Over the past several weeks, we’ve been discussing the imperatives or “10 commandments” my experience with character-impaired individuals has taught me we must all observe during our formative years to develop (and thereafter to maintain) strength and integrity of character (see, for example: Mastering One’s Appetites: A Critical Character Challenge and Impulse Control and Will-Training: The Art of Self-Management). In the present short series, we’ll be discussing how certain innate tendencies and personality traits make it a particular challenge for some individuals to heed these “commandments” and acquire both conscience and character.
As I’ve mentioned in other posts, (see, for example: Conscience and Character) forming a mature, healthy conscience is perhaps the most crucial aspect of character development. And forming such a conscience primarily requires two things: 1) a capacity for and sufficient degree of empathy for others and concern for their welfare, and 2) recognition of and respect for a “higher power” or authority. But individuals vary considerably in their capacity for empathy and their ability to form a healthy relationship with any entity that can be viewed as a power or authority greater than themselves.
Most children innately have some capacity for empathy which, with appropriate guidance, can be nourished and strengthened throughout their developmental years. But some children are lacking in their capacity for empathy, and helping them develop a sound conscience requires more ardent, consistent efforts on the part of caregivers to increase not only their awareness of the feelings, rights, and needs of others but also their willingness to respect those feelings, rights, and needs in their interactions with others. And some children, unfortunately, have severe empathy deficits. In those cases, if they are to cultivate any degree of adaptive conscience , such children need to come to appreciate at least the practical, social benefits to behaving as if they had a deep concern for the welfare of others.
Most children also have both the capacity and the willingness to recognize and demonstrate respect for powers greater than themselves, especially in the early years when they are inherently dependent upon their caretakers who can appear to them as nearly all-powerful forces with which to be contended. This capacity and willingness is essential to healthy conscience development. In many workshops over the years, I’ve repeated a little rhyming saying that gets to the heart of this important aspect of sound conscience formation: “Internalization of a societal prohibition is, ultimately, and act of submission.” That is, in order for a person to truly adopt and adhere to a societal norm, he or she must go beyond merely recognizing and respecting a higher power or authority and willingly subordinate his or her own wants, needs, desires, urges, impulses, etc. to that higher authority (and the values, standards, and rules advocated by that authority) for the greater good. It’s not enough to simply know what behaviors serve the greater good. A person’s conscience is sound only when he or she has internalized (i.e. taken to heart and made an integral part of his/herself) the values and standards of conduct that serve the social interest, which is what enables them to do the right thing even when no one else is watching.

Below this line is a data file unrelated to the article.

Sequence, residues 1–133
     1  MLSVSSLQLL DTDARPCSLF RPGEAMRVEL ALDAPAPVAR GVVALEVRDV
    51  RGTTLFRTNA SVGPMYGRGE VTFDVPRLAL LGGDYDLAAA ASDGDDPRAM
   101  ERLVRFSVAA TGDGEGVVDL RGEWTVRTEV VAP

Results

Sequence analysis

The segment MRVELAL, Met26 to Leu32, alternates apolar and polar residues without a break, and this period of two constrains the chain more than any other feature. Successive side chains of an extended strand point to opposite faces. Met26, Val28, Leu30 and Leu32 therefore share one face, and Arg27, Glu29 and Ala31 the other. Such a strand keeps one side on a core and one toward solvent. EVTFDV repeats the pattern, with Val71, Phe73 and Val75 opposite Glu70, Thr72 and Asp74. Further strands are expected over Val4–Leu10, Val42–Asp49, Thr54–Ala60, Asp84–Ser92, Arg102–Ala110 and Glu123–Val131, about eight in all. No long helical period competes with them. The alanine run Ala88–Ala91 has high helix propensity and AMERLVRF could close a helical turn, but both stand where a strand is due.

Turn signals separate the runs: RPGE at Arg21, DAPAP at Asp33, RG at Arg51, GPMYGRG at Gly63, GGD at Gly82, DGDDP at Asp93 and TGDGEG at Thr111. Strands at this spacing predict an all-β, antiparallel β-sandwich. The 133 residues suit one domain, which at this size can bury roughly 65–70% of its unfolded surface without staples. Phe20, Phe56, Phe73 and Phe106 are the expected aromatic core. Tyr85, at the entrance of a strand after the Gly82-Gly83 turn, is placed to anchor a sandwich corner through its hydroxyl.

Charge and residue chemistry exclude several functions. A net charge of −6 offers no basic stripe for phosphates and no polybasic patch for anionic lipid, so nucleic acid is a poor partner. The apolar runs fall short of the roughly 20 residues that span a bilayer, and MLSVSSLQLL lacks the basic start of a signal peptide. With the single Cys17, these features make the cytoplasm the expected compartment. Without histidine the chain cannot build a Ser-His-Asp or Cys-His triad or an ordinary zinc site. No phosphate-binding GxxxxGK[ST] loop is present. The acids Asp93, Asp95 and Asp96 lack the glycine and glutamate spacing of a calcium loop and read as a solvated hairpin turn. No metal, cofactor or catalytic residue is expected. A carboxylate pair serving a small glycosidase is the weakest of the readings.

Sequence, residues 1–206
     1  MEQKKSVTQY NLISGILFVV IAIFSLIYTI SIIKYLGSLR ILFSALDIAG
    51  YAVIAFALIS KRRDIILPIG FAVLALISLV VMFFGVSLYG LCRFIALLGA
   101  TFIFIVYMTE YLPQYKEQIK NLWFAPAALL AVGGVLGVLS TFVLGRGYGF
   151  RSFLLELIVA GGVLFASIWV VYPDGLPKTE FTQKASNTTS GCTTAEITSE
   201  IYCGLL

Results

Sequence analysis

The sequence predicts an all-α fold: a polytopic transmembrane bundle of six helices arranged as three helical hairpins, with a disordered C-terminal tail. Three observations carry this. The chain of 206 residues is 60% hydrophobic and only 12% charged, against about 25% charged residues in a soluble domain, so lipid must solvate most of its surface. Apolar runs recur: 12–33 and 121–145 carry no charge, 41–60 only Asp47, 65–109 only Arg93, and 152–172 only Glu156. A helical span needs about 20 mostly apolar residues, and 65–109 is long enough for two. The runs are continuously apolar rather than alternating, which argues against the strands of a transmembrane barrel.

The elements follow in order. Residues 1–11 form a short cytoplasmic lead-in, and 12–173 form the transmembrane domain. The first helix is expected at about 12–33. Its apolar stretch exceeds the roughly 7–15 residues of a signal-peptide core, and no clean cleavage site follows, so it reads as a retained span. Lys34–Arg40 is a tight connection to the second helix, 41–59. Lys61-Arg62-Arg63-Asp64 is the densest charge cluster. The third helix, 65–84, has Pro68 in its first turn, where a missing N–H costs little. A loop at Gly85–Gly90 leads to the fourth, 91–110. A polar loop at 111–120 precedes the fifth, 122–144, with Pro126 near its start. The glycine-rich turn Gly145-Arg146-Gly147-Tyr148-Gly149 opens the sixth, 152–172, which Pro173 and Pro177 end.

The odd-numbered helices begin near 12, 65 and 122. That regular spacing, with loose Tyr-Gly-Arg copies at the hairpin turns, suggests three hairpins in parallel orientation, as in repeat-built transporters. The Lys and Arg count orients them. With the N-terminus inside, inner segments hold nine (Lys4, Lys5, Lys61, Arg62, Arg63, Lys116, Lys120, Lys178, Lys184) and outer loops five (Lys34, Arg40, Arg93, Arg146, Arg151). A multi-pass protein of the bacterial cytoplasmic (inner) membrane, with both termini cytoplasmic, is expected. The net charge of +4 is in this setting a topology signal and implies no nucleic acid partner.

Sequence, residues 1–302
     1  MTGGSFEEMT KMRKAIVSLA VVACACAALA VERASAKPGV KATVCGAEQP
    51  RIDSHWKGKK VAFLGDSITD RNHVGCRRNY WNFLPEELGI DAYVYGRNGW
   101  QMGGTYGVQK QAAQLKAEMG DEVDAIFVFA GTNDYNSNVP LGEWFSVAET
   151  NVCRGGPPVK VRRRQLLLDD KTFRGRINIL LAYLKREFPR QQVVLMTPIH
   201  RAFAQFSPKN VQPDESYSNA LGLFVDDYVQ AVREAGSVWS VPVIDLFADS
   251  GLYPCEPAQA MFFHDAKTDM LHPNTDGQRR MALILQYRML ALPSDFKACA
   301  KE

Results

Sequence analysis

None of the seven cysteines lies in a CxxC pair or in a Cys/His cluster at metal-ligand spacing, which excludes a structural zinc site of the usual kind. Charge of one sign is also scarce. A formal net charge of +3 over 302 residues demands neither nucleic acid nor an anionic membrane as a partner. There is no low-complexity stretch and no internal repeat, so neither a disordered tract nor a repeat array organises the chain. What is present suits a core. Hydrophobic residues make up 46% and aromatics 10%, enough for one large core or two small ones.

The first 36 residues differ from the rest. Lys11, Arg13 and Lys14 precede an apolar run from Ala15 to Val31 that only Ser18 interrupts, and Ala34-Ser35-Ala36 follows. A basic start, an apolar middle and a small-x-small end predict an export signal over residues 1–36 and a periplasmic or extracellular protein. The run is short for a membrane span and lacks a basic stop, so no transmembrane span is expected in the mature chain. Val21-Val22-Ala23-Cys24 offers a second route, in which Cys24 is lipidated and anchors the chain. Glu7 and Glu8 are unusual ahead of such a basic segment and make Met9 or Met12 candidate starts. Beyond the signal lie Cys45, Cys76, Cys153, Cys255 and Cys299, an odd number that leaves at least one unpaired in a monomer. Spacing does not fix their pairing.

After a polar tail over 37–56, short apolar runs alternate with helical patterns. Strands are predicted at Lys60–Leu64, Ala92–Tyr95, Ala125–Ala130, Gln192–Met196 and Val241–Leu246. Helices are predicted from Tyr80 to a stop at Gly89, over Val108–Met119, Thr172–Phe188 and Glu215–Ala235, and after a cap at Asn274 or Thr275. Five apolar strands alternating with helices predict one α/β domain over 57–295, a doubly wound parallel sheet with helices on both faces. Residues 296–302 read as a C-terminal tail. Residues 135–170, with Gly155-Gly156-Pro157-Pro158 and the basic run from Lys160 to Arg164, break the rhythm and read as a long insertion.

Some individuals, especially individuals with narcissistic or aggressive traits in their personalities, have a greater than normal degree of difficulty forming a healthy conscience (for an in-depth examination of these personality types, see: Personality & Character Disorders Pt 6: Narcissists & Aggressives and chapters 2 and 3 of Character Disturbance). Those who have come to think so much of themselves (i.e. individuals with narcissistic traits ) that they barely recognize let alone manage to garner any respect for a “higher power” also tend to lack empathy for those they view as “inferior.” Sometimes, they even have a fair degree of disdain for those they see as beneath them and this prompt them to act in “entitled” and disregarding ways toward others. While they might not always set out to deliberately cause pain to others, they simply don’t care enough about the welfare of others and place too much importance on themselves and their own wishes to guard against exploiting, using or taking advantage of others. And the various personalities who are naturally inclined to conquer adversity, amass power, and dominate others (i.e. those with aggressive personality characteristics) also have big problems developing healthy empathy and a constructive relationship with any”higher power.” For them, paying any deference to or “submitting” in some way to any entity other than themselves is both innately repulsive and a sign of weakness. So, they resist acts of submission (even little ones) at every opportunity, which greatly impairs their ability to form a healthy conscience.
In the posts over the next two weeks, we’ll take a look at some altered and blended case histories that exemplify the kind of things that can go wrong in conscience formation for individuals with narcissistic or aggressive personality inclinations. We’ll also examine the kinds of strategies those rearing children with these characteristics can employ to increase the likelihood that such individuals will become better socialized (the same principles apply to older individuals as well, although it’s much harder for those principles to positively impact a person once they’re past their formative years). The stories should prompt significant discussion, and, as always, additional anecdotes from the readers should prove highly valuable.